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Tuesday, December 22, 2009

Pocket Book Review: A Confederacy of Dunces

A Confederacy of Dunces
By John Kennedy Toole

In 1969 after going on a two-month whirlwind trip across the country, and nearly 6 years after finishing his masterwork, John Kennedy Toole stopped in Biloxi, Mississippi and killed himself, leaving his only two novels, A Confederacy of Dunces and The Neon Bible, unpublished. Several years later his mother, Thelma Toole, discovered the manuscript for Dunces and put it in the hands of author Walker Percy who was so blown away by the novel that he personally guided the manuscript to publication. A Confederacy of Dunces was published in 1980; over 10 years after Toole’s death, and the following year it was awarded the Pulitzer Prize for Fiction.

The machinations that went into the publishing, and ensuing canonization, of A Confederacy of Dunces is important because it is one of the few modern examples of a literary genius being posthumously recognized. Similar to Emily Dickenson’s poetry, John Kennedy Toole’s comedic masterpiece was misunderstood and subsequently rejected during its own time*, only to be resurrected in the most unlikely manner. Furthermore there is a certain inherent irony in A Confederacy of Dunces, which is predominantly concerned with a man and his domineering mother, only being brought to fruition because of the actions of the deceased author’s supposedly domineering mother.

With or without this knowledge, however, there is no doubt that A Confederacy of Dunces is every bit the comedic juggernaut it is cracked up to be. The book follows the travails of Ignatius J. Reilly, an overweight, overeducated louse of a man who, even at the ripe age of 30, still lives with his steadily more hysterical mother. A car accident early in the novel sets the whole silly charade in motion as Ignatius is forced to get a job to pay for the damages. Not being particularly suited to steady work, Ignatius’ overworked imagination and basic naivety lead him from one ridiculous scenario to another, upsetting everyone he encounters, until eventually the novel’s entire cast of colorful French Quarter characters converge for one massive comedic explosion.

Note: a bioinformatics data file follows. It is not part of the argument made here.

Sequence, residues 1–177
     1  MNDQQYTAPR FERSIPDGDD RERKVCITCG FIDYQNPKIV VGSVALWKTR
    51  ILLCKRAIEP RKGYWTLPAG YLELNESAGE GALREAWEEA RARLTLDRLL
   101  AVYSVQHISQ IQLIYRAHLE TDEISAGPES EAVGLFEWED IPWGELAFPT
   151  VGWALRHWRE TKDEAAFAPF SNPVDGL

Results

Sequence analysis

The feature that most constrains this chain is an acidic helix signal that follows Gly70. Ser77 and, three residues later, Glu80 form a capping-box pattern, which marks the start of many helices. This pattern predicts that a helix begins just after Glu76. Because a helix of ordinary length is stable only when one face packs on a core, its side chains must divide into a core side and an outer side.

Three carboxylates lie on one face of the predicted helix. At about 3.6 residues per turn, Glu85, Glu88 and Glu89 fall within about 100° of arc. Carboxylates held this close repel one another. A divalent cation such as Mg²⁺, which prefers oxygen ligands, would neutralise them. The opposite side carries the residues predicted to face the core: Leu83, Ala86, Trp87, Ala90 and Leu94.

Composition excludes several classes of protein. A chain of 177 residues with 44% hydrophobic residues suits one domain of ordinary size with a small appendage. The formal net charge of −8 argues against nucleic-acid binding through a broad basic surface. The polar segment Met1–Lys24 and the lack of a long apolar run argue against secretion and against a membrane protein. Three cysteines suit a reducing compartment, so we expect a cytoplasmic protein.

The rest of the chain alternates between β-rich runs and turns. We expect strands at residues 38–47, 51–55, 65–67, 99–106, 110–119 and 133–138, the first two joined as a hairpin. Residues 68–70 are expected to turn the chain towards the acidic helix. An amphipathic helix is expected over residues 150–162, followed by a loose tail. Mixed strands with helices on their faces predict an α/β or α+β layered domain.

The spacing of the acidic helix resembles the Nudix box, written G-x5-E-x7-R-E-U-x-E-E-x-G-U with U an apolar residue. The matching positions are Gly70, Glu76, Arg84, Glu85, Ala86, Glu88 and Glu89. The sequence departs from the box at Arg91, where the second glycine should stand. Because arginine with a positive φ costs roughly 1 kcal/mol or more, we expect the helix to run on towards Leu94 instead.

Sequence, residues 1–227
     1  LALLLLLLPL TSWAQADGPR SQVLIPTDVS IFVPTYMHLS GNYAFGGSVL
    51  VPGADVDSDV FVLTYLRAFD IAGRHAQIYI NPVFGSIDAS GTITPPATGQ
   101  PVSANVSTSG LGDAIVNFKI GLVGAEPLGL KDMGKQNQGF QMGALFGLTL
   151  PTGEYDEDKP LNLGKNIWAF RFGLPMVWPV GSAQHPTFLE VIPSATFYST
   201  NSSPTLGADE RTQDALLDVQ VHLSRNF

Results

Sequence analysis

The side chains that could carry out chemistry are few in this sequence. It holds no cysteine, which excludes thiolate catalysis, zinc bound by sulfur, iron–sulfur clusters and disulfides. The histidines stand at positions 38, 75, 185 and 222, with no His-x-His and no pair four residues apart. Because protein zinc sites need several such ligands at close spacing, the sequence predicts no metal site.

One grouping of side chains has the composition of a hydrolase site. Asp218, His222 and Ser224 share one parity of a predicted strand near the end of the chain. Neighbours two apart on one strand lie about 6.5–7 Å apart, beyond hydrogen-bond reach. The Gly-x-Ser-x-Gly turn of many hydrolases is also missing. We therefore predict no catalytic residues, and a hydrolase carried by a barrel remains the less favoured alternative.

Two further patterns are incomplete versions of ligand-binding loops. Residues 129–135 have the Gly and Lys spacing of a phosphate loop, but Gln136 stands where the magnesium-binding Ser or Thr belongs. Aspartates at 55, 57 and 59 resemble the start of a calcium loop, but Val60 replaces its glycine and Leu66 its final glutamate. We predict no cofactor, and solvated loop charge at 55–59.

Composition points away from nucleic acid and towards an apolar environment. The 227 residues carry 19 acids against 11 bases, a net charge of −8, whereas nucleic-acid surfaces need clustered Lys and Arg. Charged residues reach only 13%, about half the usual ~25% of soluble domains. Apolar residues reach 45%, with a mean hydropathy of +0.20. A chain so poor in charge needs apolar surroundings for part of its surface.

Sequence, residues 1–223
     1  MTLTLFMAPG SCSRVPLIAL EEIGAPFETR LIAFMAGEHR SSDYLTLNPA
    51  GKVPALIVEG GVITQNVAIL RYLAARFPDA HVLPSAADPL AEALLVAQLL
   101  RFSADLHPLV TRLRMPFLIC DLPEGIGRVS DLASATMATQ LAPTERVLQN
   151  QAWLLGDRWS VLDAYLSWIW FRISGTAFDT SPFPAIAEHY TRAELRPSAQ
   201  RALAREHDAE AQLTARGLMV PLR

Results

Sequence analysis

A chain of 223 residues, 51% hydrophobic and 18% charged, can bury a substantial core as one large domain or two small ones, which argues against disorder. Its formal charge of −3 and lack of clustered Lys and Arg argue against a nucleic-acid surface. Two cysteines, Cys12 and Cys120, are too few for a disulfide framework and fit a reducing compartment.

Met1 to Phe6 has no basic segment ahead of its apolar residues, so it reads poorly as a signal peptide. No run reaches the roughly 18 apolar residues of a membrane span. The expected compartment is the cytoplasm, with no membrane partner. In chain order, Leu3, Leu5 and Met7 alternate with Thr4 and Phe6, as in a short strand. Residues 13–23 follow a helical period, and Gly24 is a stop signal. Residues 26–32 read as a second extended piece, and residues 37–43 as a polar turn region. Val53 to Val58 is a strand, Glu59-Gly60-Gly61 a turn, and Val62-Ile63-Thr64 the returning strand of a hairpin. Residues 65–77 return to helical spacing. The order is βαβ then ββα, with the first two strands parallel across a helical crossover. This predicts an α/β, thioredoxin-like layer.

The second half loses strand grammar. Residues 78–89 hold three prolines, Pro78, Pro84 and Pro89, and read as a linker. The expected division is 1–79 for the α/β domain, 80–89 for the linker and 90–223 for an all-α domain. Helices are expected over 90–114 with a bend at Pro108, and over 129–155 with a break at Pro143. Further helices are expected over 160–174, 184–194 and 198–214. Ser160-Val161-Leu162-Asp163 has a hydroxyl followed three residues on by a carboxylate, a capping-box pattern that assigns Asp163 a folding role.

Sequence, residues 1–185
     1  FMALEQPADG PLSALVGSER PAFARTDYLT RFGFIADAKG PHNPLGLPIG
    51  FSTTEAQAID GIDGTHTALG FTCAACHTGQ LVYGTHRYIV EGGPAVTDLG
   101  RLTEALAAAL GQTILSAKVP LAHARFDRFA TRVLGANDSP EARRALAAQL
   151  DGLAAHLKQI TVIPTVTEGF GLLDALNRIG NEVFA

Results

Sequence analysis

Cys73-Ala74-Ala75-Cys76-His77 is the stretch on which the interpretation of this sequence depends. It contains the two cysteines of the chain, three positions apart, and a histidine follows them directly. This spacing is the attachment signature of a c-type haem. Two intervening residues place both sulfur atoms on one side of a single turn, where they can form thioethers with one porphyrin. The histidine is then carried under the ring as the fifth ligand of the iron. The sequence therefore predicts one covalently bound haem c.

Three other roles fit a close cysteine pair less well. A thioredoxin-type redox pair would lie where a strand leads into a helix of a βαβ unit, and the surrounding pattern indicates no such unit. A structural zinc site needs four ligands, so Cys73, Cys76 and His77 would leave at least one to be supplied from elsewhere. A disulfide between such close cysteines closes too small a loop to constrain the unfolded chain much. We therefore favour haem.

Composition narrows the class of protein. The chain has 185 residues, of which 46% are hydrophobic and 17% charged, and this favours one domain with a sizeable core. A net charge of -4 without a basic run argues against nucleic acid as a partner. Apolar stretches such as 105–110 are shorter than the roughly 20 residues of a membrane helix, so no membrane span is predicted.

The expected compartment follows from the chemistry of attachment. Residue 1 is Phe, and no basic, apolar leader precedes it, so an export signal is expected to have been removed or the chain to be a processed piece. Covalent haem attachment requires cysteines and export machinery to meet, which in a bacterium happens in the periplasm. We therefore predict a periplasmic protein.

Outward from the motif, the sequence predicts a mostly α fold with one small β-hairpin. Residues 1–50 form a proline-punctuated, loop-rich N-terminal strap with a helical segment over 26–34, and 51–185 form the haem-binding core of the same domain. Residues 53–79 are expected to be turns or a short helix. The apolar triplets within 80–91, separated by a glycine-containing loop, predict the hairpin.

The title is taken from a line in Jonathan Swift’s Thoughts on Various Subjects, Moral and Diverting, “When a true genius appears in the world, you may know him by this sign, that the dunces are all in confederacy against him,” and Toole takes this basic premise and turns it on its head. Clearly unhappy with the excesses of the 1960s Toole creates, in Reilly, a grand anti-hero for the Love Generation, a ambiguously homosexual medievalist with gastrointestinal problems and a penchant for rampant masterbation, and sets him loose on an unsuspecting world. The result? A hilarious romp of a novel that is even more brilliant from being written before the 1960s really got underway.

Verdict: A Confederacy of Dunces is a thoroughly enjoyable, laugh-out-loud novel that deserves every bit of its place in the canon of great modern American literature.

*The novel was slated for release in the mid-1960s by Simon and Schuster but eventually was dropped because it wasn't "really about anything".